Playmates tried to make-up with their alienated customers by releasing the three non-serial numbered figures in a boxed set. Instead of mending fences with the completists that had already quit and sold-off their collections, they only succeeded in pissing-off those devoted few who had dropped precious bank to acquire the elusive figures. Man, NO ONE was happy with Playmates. From that point on, it seemed they could do nothing right.
Playmates managed to further alienate collectors (Are you listening, Hasbro?) by switching from 4.5" scale figures to 6" scale figures with the First Contact movie line. The 6" scale figures didn't last very long. Poor sales of the 6" scale figures and a tidal wave of negative customer feedback resulted in Playmates switching back to the 4.5" scale. Finally, a smart move on Playmates' part, but it was too little, too late…and as Guido has seen time and again, you must never underestimate the sheer idiocy of a toy company marketing department.
Playmates' marketing gurus finally succeeded in burying the Trek line by reintroducing the "limited-edition chase figure" marketing concept that had served them so well with the "1701s" faux pas to their re-launch of the 4.5" scale figure assortments. This was the final nail in the coffin for the Playmates Trek toy line. The Playmates run with Star Trek finally folded on September 17, 1999. The Trek toy license would lie dormant for the next two years.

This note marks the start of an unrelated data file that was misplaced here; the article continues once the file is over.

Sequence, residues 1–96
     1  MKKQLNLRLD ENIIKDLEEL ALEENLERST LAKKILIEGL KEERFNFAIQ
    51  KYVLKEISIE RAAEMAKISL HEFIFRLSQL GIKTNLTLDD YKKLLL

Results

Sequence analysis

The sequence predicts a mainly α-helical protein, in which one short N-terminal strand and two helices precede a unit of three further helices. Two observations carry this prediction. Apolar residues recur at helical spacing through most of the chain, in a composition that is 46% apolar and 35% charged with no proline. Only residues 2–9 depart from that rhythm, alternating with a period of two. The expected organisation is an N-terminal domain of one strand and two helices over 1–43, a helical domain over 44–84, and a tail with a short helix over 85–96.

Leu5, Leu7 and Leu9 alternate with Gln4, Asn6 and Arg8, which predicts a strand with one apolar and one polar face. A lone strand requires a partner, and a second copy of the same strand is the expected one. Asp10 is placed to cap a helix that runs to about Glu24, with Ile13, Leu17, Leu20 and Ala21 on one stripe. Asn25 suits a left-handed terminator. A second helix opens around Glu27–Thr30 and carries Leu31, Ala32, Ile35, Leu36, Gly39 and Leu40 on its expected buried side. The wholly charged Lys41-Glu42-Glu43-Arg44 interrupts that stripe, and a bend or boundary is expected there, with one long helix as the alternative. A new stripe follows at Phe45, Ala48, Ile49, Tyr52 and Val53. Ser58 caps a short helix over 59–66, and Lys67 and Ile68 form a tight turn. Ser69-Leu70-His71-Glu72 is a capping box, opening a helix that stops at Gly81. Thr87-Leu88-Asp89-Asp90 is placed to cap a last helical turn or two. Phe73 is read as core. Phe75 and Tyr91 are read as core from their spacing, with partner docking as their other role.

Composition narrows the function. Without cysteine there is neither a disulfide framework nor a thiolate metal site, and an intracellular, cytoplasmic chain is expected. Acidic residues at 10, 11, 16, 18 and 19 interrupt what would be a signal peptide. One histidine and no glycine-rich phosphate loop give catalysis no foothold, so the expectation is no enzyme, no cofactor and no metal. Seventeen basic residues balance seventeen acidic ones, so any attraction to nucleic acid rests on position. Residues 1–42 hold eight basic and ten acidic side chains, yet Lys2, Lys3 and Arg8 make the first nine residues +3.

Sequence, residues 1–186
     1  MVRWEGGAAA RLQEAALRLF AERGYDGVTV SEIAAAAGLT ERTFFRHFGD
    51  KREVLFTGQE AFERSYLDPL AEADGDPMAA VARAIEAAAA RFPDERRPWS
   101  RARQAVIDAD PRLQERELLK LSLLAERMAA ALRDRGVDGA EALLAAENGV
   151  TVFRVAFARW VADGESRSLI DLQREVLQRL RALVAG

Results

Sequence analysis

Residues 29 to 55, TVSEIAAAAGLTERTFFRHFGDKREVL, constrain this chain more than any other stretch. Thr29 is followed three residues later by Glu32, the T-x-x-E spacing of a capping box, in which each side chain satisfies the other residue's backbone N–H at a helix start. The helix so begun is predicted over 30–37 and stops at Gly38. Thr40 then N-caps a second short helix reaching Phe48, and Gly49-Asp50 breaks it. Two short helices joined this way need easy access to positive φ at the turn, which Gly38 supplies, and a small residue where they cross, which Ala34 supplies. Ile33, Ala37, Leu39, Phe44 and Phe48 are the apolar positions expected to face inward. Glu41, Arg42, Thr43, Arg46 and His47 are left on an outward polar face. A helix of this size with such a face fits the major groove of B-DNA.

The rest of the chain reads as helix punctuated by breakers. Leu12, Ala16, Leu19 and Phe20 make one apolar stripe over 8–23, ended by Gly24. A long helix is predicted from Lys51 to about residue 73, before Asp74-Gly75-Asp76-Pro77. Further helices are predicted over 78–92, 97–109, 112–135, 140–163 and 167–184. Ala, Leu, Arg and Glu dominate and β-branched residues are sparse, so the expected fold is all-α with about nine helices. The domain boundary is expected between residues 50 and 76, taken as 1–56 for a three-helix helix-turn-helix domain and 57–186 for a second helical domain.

Art Asylum finally picked up the Star Trek action figure and toy license in 2001, in hopes of cashing in on what was initially anticipated as a major jump-start for the Star Trek franchise — a little show called "ENTERPRISE".
Ewwww…Guido gets quesy just thinking about that show. Enterprise is to Star Trek what the movie
"Stayin' Alive" was to "Saturday Night Fever" — the sequel/spin-off that should never have been made. If anything put the Star Trek franchise into V-fib, it was Enterprise. Guido believes it almost caused Art Asylum to go Code-Blue as well. Luckily, a feisty trauma room intern named Diamond Select Toys (DST) showed up with a crash cart. After grabbing the paddles and pumping a few joules into Art Asylum, DST was able to resuscitate the Trek line. AA's alignment of Diamond Select Toys is probably the only good thing that came out of their involvement with Enterprise.